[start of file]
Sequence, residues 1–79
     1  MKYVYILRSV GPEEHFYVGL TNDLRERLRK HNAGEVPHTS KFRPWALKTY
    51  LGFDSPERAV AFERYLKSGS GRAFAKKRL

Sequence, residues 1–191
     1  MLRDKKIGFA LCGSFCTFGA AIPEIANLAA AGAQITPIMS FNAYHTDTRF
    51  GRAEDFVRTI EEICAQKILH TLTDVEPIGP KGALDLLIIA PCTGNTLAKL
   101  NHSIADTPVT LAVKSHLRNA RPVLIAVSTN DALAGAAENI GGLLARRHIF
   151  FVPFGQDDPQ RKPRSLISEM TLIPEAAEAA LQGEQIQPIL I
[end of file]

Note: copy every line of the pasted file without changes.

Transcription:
Sequence, residues 1–79
     1  MKYVYILRSV GPEEHFYVGL TNDLRERLRK HNAGEVPHTS KFRPWALKTY
    51  LGFDSPERAV AFERYLKSGS GRAFAKKRL

Sequence, residues 1–191
     1  MLRDKKIGFA LCGSFCTFGA AIPEIANLAA AGAQITPIMS FNAYHTDTRF
    51  GRAEDFVRTI EEICAQKILH TLTDVEPIGP KGALDLLIIA PCTGNTLAKL
   101  NHSIADTPVT LAVKSHLRNA RPVLIAVSTN DALAGAAENI GGLLARRHIF
   151  FVPFGQDDPQ RKPRSLISEM TLIPEAAEAA LQGEQIQPIL I